I enjoy writing, but I would much rather speak than write. When I saw that this post required we use a digital storytelling medium other than writing to answer the question, I knew that audio recording would be my go-to. It seemed like a shortcut to me. I felt like I was cheating, right up until I was almost finished editing the sound file.

That’s when I realized that audio recording isn’t cheating. Some of my favorite storytellers use audio only. I grew up listening to A Prairie Home Companion every weekend. Garrison Keillor’s monologues and radio dramas with sound effects are a now-digital form of storytelling. I am a fan of a musician who goes by the name Chadwick Stokes whose songs are often stories—stories with deep meanings. I am at home with audio stories.

I planned to record this monologue next to a crackling woodstove, but on the day I recorded it, I decided to work beside a campfire outside. The campfire was just a little too close to a rushing river, so I had to put the microphone (my iPhone) in the fire and sit very close to get the crackling fire and my voice without being drowned out in the rapids. The crackling is a little more intense than I intended, and my voice is a little quieter at the beginning. It’s a little rough, so I’ll include the transcript below.

How does being digital enable new aspects of storytelling?
I struggled for a while with this question.
At first, I didn’t believe that being digital
did add anything that being electronic hadn’t already added.

Analog recording technology—
painting, writing, paper, the printing press,
the camera, the audio recorder, the video camera,
books and pictures and wax cylinders and tapes—
had already made recording, copying, distributing, and broadcasting possible.

I sit here next to the fire talking to you,
just like our ancestors have for generations and millennia,
just like FDR did on the radio.
How is this different, just because it is recorded digitally on my computer?

It is different because it does not exist,
and yet it is almost universally available.

There is no physical, tangible recording of what I am saying,
and you are not listening to me as I am saying it.
You are not next to the fire with me or listening to a live broadcast.
You are listening to a recording that exists only as a code.

There is no physical copy to share,
but it can be shared infinitely.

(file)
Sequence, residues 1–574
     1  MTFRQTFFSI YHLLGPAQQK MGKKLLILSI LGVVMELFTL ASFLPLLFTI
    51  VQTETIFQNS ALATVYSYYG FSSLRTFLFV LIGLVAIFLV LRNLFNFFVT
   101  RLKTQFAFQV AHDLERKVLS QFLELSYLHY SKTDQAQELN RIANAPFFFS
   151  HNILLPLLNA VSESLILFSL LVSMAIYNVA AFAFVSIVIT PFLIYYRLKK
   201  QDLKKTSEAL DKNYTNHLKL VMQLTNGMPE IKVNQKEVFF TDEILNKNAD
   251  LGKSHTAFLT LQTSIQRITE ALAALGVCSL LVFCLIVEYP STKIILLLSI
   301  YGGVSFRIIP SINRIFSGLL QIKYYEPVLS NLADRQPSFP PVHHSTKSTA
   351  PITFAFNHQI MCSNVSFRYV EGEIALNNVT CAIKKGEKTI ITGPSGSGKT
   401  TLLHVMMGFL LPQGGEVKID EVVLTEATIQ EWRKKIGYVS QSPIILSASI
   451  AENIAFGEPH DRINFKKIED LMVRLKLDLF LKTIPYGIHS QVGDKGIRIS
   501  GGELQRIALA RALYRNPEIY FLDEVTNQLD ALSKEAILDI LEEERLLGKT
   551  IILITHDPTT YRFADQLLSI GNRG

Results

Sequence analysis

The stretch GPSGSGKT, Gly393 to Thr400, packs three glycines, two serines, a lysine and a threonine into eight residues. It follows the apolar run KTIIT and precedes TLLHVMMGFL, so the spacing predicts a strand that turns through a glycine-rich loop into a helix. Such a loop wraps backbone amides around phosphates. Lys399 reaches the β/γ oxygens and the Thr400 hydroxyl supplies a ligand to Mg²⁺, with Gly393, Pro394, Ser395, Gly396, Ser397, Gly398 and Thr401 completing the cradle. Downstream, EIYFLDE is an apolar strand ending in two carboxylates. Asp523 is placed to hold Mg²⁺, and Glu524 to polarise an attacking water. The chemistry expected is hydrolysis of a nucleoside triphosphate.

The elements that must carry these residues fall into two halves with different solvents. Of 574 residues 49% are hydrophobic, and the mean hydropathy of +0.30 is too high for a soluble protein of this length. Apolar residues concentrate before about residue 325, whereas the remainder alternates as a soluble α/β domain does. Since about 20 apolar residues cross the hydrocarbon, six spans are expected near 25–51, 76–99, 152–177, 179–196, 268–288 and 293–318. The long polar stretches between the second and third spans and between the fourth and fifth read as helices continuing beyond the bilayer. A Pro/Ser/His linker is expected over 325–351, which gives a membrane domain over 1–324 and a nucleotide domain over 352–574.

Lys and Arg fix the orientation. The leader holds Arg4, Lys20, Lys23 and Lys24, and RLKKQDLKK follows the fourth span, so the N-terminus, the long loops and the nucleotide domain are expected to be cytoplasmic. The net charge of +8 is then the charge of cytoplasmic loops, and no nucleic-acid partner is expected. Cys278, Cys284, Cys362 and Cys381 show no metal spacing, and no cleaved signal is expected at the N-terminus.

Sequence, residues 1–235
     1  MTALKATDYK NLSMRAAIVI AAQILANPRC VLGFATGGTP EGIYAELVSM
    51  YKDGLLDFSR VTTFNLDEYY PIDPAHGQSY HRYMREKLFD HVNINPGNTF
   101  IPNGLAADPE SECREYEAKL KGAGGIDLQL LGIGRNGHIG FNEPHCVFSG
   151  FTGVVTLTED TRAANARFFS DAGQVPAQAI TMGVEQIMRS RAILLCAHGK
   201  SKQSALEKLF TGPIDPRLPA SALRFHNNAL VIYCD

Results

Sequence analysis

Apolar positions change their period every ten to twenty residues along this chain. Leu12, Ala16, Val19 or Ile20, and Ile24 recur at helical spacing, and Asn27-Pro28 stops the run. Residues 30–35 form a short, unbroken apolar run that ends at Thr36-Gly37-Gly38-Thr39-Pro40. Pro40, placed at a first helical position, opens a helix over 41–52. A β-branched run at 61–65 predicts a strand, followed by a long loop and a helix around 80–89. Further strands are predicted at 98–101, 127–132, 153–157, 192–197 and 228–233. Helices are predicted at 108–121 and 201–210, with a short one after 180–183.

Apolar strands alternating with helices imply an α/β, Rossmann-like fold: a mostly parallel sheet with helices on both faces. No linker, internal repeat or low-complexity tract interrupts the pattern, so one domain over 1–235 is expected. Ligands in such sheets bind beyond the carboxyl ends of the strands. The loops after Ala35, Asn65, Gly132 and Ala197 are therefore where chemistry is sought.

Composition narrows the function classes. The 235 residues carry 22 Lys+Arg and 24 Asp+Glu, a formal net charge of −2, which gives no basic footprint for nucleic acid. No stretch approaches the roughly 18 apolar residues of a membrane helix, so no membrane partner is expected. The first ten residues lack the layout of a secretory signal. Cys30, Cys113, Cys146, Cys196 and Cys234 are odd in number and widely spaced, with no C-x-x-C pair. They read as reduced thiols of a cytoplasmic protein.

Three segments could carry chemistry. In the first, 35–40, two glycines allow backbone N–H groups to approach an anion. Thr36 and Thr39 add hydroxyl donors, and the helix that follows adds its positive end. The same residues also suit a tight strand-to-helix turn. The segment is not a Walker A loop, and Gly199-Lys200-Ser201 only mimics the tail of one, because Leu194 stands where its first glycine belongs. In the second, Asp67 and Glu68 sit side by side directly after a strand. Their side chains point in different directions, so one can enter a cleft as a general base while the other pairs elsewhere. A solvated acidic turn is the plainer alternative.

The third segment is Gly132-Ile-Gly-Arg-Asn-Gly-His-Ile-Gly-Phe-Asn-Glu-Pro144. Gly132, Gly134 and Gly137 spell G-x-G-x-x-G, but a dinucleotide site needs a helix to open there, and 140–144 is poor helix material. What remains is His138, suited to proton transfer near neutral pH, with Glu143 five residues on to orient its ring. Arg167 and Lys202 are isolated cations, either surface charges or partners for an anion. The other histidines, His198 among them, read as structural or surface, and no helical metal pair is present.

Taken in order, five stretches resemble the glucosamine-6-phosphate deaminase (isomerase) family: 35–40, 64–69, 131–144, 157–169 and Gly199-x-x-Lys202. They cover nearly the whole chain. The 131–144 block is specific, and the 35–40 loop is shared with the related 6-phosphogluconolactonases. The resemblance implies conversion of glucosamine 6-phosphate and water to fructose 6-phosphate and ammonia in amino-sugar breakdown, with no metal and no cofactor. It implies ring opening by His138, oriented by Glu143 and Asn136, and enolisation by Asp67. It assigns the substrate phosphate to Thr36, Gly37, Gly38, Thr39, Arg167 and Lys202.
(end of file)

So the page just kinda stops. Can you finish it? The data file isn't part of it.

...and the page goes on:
There is no physical copy to, well, copy,
but it can be copied infinitely.
And with that, it can be changed, edited,
adapted, mixed, and remixed—
at next to no cost and with no risk.

The digital medium is cheap.
The tools are often expensive, but somehow readily available.

My wife is an amateur photographer.
She likes to shoot film.
She says that shooting film is real art.
It takes skill and talent.
She shoots digital, too.
And while she does put significant effort into capturing a shot,
she can take a few and choose the one she likes best.
She isn’t limited by the roll of film.
And when she gets all of the photos on the computer—or her phone,
she can edit them quickly and easily.
She can crop, change light and color, change focus
—and she can undo changes that she doesn’t like.
There is no material cost, no cost for experimentation.

And that is how being digital enables new aspects of storytelling.
There is little or no material cost for experimentation.
And even better: there is very little cost for collaboration.

Since a digital copy can be made and transmitted almost instantly,
two or more people can collaborate on a story
without being connected in space or time.
The story that we created together as a class on Twitter
would have been possible without being digital,
but it would have required much more coordination—and time.
Spontaneity would have been lost,
unless we were able to join together all at once.

Many of the digital stories we have read in this class—
and I use read loosely—
would not have been possible or practical,
except that they were digital.
Democratized video, interactive web content, just for two examples:
these things require the flexibility of digital media.

There is no end to the opportunities for storytelling
that are made possible by digital media.
But the biggest aspect of change isn’t in the new media themselves,
it is in how they enable us to share our stories
with more audiences and more storytellers.